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Secure Payment

The funeral isn’t over if the funeral home has not been paid in full for services rendered.  I recently read a statistic that the average funeral home has around $17,000 in accounts receivable or past due money owed for services that have already taken place. I have personal knowledge of firms owed hundreds of thousands of dollars. Why?

Funeral home ownership and management has failed. Frankly, simple solutions exist however it takes leadership to change behaviors in the arrangement session and accountability of funeral directors that sign funeral contracts. How? Let’s start with no funeral contract is signed until payment is secured. Payment secured, what does that mean?

  1. Valid pre-need trust with enough funds to pay for goods and services.
  2. Verifiable life insurance-assigned to funeral home by factoring company and fees paid by the family.
  3. Payment in full by cash, check, or credit card.
  4. If any payment above cannot be paid in full, at least 80% of funds must be paid with cash, check credit card or life insurance as a down payment with an approved payment policy in place. If a family cannot pay 80% up front, it’s the wrong service offered by the director.  Reduce services and products to match affordability of the family. If a family can’t pay the majority of the service, the firm will likely not collect the balance due.
  5. No discounts. If a family needs help, use #4.

Of course I know there are extenuating circumstances and funeral directors cry the proverbial “what if the family?”  What if the owner would do their job and train funeral directors process in arrangements to properly explain the payment policy of the funeral home (above 1-5)?  What if owners held funeral directors accountable to not sign a contract until payment is secured?  Here’s what if for you: “What if the funeral director signed a contract without securing payment and if the payment was not collected when due, the funeral director paid out of their salary?” Let that one sink in.

If you think this is all a made up scenario and impossible, then you are wrong. Our funeral homes and cremation company conducts almost 500 services a year; we have $0.00 owed to us.  Want to have the same for your firm?  Contact me 540-589-7821 and we’ll set up a time to further discuss how to lead your funeral home with training as well as director accountability.

Next week I’ll discuss steps how to recover from the failure of training and accountability of funeral directors which resulted in accounts receivable in the “book of promises.” From the Command Post, Cheers Y’all! #thefuneralcommander

 

Situation: Your loved one just died unexpectedly with no pre-need trust or life insurance available to pay for the funeral expenses. You can’t use the funeral home where you work and you receive no professional courtesy discounts anywhere else. You must pay full price for services rendered, casket, vault, and all the cash advance items including the cemetery space,  opening and closing fees.  How would this event effect your personal financial situation if you had to pay?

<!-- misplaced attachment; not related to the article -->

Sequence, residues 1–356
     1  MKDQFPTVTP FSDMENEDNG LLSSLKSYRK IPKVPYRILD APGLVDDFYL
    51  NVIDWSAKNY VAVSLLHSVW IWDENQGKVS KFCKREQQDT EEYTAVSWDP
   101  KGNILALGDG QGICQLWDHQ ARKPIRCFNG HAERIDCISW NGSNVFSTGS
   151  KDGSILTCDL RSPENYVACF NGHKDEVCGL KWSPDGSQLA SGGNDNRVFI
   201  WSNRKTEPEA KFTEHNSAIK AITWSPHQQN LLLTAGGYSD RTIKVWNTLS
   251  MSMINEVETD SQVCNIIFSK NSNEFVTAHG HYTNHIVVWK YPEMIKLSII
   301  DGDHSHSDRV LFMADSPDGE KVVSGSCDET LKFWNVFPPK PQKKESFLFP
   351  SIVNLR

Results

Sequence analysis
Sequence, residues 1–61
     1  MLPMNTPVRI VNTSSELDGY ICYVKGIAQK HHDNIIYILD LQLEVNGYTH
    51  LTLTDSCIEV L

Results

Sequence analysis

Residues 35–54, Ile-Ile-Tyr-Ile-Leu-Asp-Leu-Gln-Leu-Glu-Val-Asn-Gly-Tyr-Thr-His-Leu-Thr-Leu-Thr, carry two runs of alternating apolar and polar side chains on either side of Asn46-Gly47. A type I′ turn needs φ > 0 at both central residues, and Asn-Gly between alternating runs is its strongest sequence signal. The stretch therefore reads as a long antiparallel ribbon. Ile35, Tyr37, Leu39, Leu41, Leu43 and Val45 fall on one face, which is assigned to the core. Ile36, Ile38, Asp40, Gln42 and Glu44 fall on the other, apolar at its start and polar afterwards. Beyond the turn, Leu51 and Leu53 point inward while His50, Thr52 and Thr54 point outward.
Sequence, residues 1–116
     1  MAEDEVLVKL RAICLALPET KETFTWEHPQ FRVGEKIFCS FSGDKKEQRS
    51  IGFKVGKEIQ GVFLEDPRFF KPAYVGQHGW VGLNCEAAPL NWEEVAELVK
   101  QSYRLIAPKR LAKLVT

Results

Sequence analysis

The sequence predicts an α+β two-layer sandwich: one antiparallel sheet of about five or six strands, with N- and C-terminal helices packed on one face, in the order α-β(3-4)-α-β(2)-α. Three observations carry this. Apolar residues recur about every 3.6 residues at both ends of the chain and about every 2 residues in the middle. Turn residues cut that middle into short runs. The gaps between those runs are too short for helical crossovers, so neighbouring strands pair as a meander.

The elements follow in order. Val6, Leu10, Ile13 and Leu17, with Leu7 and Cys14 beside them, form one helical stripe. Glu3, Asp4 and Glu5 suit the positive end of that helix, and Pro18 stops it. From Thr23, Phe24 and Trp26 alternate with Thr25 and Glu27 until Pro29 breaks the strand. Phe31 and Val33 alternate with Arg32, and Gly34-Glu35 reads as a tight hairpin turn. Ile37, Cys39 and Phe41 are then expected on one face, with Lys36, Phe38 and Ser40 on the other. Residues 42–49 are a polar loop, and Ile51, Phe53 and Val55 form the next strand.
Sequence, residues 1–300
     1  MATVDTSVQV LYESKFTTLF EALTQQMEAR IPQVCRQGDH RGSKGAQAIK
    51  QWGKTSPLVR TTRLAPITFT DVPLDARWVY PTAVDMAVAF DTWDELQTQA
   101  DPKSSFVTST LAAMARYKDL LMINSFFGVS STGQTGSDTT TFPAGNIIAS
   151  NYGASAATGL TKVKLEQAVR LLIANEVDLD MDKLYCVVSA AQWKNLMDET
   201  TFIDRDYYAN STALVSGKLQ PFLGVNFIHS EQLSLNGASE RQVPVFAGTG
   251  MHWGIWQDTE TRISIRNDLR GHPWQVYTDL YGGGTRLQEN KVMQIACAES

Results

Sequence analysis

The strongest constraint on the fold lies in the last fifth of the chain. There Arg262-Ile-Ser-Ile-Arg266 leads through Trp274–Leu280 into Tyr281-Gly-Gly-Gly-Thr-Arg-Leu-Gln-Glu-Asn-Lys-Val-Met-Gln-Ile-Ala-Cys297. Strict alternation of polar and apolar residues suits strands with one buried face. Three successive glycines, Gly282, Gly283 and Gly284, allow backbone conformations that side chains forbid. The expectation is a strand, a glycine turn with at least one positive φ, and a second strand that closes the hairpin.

My team at The Harbeson Group and I have conducted hundreds of training sessions for funeral directors over the years on subjects like FTC Funeral Rule knowledge, taking shopper calls, removal/transfer procedures and so on. A few months back, I wrote a post Wear Other Shoes about training funeral directors to role play by planning a funeral for their closest loved one who unexpectedly died.  This training provides insight to the emotions people feel when arranging a funeral for someone they love and increases empathy for others in this situation.  But there is another facet to the training; what if you had to pay for the funeral expenses from your current and personal financial resources?

I provide funeral director training on the topic of cash flow solutions for at-need services. Prior to starting the training, I inform the group that I have permission from the funeral home ownership (or organization leadership) to charge everyone for the training they are about to receive.  The cost for the training is equivalent to the price for full burial at the funeral home including casket and vault (let’s use $8,400 for the purposes of this post).  I then tell the group the full amount is due to me at the completion of the training and that I accept cash, checks and all major credit cards…and I pause to let that sink in.

I love seeing some of the reactions on the faces of attendees and to feel the uncomfortable shift in the room. I then say “If there are no questions, we shall move forward with the training.”  Inevitably a hand will fly up with it’s owner asking “Are you serious?”  My answer: “What’s the big deal?”  “You ask the same thing of every family who makes arrangements with you, in fact for about the same amount.”  Silence follows as more air is sucked out of the room.

So I return to my original question: What if you had to pay today from your own financial resources?  Certainly there are those reading this who could write a check or have the credit card balance to pay, and then there are the rest of you. The majority of Americans (and let’s say a few funeral directors) don’t have the financial resources to pay for costly unexpected events in full, they need a payment plan. Sadly, just in the past few days, I read the obituary for a deceased funeral director asking for funds to be paid to help with funeral expenses. Just food for thought, if you had to pay today, would you need the services provided by Funeral Pay Plan?  Take a look and decide for yourself.

From the Command Post (no cigar for now). Cheers Y’all!  #thefuneralcommander

 

 

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